*note: if you want to communicate your chords with others, you'll need to understand the more common forms of chord construction (tertian harmonization) and how they can be adapted (extensions, polychords, alterations, omissions, synonyms, etc.)

Some chords can easily replace other chords or achieve the same or similar effects. For example, Am7 and C6 contain the same notes (chords synonyms) and can be substituted for the other. Other rules and opinions on substitution exist.

String a group of chords together, and the specific path they take is called a progression. Many popular songs can be broken down into a handful of common progressions such as I-IV-V (which in the key of C would be C-F-G) or ii-V-I (in C: Dm-G-C)

The change of keys. Such changes are often emphasized with progressions (cadences) that resolve to the tonic (root) of the new key.

An imitation of piano-style playing where chords and melody are played at the same time.

Block chords vs: arpeggios
A particular voicing of a chord could be played all notes at once (block chords) or one note at a time (arpeggio).

Voice leading
is the treatment of viewing the notes in chords as notes of melodies, and the crafting of voicings of chords in progressions to respect this.

Guitar-specific information
(fingerings, string attack)

The application of chords to the guitar can be split into the specific fingering of the instrument (abstracted by chord diagrams, TAB, fretboard maps) and the attacking of the strings (using picks, fingers, or induced vibration)

Chord Diagrams and fretboard maps
Exactly why the notes are in specific locations on the fretboard is due to the tuning used. Changing the tuning will change the relative string/fret/note relationships. One of the advantages of playing a fretted string instrument is the ability to play multiple chords with the same shape (moveable shapes, barre chords, etc.)

String attack
- using a pick
chords can be strummed (block chords) or arpeggiated with a pick
- using fingers
chords can be fingerpicked or tapped
- induced vibration
strings can be induced to ring by means of other strings moving
(sympathetic strings) or using a magnet along w/ pickups (e-bow, etc.)

Chord books and their use
Various authors have published collections of chord diagrams. This can be valuable for a beginning guitarist who doesn't posses the knowledge of chord construction, or understand how the fretboard is laid out. The usefulness of any chord dictionary can be increased by somehow denoting which notes are the root notes, and viewing the chords as moveable shapes.

A small chord syllabus
Here is a listing of several common chord types defined by their intervals with no reference to any specific key.

major = 1,3,5
minor(m) = 1,b3,5
power(5) = 1,5,8(1)
diminished(o) = 1,b3,b5
augmented(+) = 1,3,#5
sus2 = 1,2,5
sus4 = 1,4,5
dom7(7) = 1,3,5,b7
maj7 = 1,3,5,7
m7 = 1,b3,5,b7
m7b5 = 1,b3,b5,b7
dim7(o7) = 1,b3,b5,bb7
7sus4 = 1,4,5,b7
dom9(9) = 1,3,5,b7,9
maj9 = 1,3,5,7,9
m9 = 1,b3,5,b7,9
dom11(11) = 1,3,5,b7,9,11
maj11 = 1,3,5,7,9,11
m11 = 1,b3,5,b7,9,11
dom13(13) = 1,3,5,b7,9,11,13
maj13 = 1,3,5,7,9,11,13
m13 = 1,b3,5,b7,9,11,13
6 = 1,3,5,6
m6 = 1,b3,5,6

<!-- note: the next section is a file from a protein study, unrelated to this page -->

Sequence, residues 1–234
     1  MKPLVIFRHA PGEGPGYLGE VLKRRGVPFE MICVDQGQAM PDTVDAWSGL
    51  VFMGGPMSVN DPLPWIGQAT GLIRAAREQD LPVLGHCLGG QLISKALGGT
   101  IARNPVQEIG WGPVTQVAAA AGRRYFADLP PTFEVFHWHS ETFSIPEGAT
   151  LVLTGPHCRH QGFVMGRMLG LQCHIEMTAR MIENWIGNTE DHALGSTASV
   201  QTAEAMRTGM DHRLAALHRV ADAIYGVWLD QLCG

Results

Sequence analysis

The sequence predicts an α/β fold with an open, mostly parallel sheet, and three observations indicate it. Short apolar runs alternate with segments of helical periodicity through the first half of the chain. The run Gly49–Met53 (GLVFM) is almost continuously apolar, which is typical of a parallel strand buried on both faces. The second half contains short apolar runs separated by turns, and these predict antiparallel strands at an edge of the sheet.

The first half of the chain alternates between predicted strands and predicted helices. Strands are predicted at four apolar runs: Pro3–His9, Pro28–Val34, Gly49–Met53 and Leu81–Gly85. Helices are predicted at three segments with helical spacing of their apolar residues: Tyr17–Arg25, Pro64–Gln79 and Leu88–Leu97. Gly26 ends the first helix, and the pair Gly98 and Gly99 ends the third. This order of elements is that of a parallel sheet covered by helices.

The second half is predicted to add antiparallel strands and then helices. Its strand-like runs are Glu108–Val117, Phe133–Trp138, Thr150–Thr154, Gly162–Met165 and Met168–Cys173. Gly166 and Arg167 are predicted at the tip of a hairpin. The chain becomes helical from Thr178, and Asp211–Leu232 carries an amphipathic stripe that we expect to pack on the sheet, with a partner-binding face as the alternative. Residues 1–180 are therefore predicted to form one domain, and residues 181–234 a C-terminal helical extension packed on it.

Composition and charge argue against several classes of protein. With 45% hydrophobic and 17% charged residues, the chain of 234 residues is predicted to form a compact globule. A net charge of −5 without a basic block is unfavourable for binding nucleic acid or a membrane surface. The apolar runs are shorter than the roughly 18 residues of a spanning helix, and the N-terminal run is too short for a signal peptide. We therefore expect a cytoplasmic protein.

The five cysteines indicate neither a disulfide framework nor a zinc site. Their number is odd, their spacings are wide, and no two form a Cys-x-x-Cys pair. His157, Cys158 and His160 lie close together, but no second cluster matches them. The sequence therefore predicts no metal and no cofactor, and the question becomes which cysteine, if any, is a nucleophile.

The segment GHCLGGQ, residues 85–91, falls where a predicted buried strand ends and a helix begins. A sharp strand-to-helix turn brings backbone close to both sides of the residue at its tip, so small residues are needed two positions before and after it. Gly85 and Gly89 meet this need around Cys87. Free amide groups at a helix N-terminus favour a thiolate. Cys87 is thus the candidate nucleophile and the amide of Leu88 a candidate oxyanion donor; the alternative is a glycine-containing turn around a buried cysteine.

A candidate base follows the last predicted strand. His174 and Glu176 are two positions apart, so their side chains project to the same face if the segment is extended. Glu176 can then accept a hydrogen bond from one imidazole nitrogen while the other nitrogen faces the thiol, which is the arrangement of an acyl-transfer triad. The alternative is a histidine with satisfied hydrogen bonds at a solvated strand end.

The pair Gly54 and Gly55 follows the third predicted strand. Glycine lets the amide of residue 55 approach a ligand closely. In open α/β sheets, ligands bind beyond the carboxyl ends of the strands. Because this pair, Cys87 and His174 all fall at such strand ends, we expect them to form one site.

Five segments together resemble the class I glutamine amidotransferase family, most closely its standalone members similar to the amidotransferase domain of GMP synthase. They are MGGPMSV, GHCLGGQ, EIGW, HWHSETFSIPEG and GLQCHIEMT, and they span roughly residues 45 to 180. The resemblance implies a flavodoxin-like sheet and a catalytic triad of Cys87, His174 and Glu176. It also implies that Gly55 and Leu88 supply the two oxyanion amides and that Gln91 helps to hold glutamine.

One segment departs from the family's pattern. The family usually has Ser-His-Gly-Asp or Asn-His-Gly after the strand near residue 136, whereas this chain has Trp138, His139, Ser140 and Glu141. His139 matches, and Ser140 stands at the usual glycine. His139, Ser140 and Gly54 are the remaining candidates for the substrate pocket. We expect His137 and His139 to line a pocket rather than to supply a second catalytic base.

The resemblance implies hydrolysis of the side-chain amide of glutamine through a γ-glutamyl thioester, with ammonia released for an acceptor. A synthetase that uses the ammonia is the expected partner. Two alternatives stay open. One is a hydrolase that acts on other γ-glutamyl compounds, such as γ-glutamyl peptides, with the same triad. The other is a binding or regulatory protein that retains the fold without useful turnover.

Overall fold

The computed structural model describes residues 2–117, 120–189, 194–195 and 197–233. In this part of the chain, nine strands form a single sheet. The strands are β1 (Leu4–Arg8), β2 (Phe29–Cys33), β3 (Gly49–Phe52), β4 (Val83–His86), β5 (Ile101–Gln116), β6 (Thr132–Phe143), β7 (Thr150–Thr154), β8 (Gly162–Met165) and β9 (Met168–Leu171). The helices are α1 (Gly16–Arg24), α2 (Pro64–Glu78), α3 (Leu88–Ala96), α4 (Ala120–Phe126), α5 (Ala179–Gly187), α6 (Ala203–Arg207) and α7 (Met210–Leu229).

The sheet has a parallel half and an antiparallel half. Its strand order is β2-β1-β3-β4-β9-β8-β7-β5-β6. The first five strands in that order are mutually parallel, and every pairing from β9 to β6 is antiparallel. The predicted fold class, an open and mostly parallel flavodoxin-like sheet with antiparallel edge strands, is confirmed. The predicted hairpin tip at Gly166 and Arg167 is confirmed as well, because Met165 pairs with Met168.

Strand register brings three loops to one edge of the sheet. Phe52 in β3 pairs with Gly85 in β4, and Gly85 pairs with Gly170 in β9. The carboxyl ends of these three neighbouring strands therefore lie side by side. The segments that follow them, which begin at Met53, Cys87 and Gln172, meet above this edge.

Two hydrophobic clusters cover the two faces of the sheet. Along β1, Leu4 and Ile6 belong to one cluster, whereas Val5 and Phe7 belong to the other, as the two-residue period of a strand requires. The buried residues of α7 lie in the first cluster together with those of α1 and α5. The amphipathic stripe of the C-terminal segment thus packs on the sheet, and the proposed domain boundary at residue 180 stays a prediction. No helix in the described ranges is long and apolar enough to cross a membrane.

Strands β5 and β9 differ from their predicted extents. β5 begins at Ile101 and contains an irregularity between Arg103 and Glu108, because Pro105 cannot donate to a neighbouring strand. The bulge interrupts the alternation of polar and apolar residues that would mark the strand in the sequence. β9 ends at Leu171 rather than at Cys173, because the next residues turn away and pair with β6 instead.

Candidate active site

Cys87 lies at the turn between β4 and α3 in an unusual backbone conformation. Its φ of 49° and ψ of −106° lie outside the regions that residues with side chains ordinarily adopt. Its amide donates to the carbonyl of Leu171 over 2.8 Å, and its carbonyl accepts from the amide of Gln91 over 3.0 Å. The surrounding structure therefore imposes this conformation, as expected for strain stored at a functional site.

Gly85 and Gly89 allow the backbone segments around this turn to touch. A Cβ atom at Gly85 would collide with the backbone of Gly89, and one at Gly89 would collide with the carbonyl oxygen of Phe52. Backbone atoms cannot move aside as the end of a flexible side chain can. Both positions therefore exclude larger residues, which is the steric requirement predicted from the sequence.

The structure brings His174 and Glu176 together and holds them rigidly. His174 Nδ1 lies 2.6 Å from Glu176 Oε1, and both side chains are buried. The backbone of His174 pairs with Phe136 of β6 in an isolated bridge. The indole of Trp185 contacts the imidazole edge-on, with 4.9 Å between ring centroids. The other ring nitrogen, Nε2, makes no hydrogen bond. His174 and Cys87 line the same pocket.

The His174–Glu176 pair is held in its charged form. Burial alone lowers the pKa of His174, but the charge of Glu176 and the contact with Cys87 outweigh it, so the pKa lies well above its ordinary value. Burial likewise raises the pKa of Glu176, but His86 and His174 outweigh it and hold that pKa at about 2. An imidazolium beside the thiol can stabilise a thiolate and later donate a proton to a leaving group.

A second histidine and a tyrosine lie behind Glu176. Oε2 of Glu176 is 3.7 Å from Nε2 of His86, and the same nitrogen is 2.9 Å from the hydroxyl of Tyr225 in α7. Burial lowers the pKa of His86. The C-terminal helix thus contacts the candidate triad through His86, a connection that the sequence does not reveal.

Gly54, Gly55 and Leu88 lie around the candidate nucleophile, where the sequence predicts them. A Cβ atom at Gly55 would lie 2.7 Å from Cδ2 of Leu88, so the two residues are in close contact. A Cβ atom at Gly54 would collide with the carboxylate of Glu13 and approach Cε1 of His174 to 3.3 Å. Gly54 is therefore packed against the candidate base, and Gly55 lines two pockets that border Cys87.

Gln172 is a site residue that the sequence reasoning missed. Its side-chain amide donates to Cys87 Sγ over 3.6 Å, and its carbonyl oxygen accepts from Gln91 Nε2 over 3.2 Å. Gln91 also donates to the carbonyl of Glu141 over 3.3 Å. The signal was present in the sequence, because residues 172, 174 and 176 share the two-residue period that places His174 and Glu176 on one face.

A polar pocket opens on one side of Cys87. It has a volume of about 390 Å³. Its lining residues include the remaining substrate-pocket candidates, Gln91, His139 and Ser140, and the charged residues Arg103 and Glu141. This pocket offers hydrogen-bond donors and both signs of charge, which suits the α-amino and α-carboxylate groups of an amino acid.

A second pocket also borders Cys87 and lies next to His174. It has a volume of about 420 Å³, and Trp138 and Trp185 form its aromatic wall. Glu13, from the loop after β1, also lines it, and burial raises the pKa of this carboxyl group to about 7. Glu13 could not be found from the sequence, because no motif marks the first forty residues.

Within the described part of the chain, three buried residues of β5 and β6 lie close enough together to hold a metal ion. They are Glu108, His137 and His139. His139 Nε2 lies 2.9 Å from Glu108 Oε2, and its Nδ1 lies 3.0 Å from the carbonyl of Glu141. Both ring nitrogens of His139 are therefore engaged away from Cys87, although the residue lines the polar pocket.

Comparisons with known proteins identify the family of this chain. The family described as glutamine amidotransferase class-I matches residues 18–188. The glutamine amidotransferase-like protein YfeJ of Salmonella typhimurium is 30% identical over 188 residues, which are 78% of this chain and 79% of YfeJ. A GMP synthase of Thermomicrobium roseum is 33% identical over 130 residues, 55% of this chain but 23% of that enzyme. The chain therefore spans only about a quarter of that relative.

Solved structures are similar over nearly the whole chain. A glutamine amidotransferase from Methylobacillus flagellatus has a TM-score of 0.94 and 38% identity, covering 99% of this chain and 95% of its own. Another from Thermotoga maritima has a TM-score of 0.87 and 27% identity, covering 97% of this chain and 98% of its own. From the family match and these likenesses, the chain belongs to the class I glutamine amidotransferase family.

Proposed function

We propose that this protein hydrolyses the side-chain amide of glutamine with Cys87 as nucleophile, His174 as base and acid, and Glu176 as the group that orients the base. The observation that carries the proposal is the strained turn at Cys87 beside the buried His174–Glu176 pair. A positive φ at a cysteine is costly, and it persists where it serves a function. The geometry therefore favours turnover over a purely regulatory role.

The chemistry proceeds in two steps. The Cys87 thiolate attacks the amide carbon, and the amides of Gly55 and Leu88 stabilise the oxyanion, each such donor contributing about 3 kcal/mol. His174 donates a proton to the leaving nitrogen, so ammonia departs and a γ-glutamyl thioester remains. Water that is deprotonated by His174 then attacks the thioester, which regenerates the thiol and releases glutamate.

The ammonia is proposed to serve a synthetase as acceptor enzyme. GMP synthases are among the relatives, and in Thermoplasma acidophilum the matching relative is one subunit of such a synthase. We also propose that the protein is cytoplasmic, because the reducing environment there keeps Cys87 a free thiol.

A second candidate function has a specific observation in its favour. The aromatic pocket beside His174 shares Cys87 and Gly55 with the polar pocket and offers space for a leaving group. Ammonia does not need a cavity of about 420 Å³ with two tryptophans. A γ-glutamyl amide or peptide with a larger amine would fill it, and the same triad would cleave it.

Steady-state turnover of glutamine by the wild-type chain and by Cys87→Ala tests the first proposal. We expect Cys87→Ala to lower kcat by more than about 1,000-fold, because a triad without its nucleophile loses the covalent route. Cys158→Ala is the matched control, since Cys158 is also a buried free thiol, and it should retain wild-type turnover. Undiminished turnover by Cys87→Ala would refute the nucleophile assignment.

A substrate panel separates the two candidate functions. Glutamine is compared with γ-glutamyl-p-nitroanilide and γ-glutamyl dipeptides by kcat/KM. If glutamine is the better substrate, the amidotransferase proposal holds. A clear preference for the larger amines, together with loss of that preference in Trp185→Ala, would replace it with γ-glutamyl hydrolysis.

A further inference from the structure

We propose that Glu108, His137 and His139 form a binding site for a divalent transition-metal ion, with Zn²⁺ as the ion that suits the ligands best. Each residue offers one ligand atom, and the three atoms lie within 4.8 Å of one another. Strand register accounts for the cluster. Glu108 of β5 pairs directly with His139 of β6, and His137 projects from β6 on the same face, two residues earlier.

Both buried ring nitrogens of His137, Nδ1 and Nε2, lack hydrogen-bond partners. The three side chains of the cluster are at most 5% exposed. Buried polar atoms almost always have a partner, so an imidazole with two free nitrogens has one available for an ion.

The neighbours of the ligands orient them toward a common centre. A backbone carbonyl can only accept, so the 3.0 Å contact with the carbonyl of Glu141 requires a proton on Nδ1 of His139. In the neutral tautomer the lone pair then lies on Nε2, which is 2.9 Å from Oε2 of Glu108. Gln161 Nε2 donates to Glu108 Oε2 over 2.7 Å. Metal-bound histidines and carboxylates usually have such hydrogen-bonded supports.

6/9 = 1,3,5,6,9
7/11 = 1,3,5,b7,11
add9 = 1,3,5,9
add4 = 1,3,4,5
7#9 = 1,3,5,b7,#9
7b9 = 1,3,5,b7,b9
maj7/#11(maj7#11) = 1,3,5,7,#11

For those interested, here's a brief outline of chord studies.
(one way to approach it, other teachers might emphasize things at different times, etc.)

---Beginner's studies---
- Be able to read diagrams and TAB
- Know how to place fingers down on the fretboard
- Learn/ memorize basic chords
- Learn simple strumming and fingerpicking techniques
- Simple chord changing
- Know how to use a chord book

---Intermediate studies---
- Locating root notes
- How to play and use barre chords
- Learning intervallic spellings of chords
- Learning how to build chords
- Knowing how to create voicings
- Understanding and applying progressions
- Learning to make your own chord diagrams/ frteboard maps
- Knowing how to make the most out of chord books
- Understanding chord synonyms
- reading chords from standard notation and sight-reading in open position

---Advanced studies---
- Understanding extended and altered chords
- Alternate harmonization schemes
- Sightreading chords in standard notation in higher positions
- Chord-melody studies
- Understanding and applying chord substitution
- Understanding the wave basis for chord construction (harmonic series, etc.)
- Orchestration and arranging

---Beyond that?---
- Creating a personal style
- Polyphony
- Improvisation, being able to play what's in your head
- Manipulating emotions, understanding the effect of tone on the psyche
- Music therapy, using tones to cure body, mind, and spirit
- Allowing the music to use you as it's tool
- Finding the instruments/tunings voice, and allowing it to speak

An alternate simplification I like is (to paraphrase Robert Fripp)
The beginner learns to make noise
The intermediate crafts sounds
The advanced crafts silence
the master plays silence

The next lesson is on major chords.

Christopher Roberts

How do I change all those numbers to letters (for notes, chords, etc.)? Here's a transposition chart

Back to the Chord lesson index

Next Lesson - Major chords
Previous Lesson - Intervals, pt.2

Last updated December 31, 2002.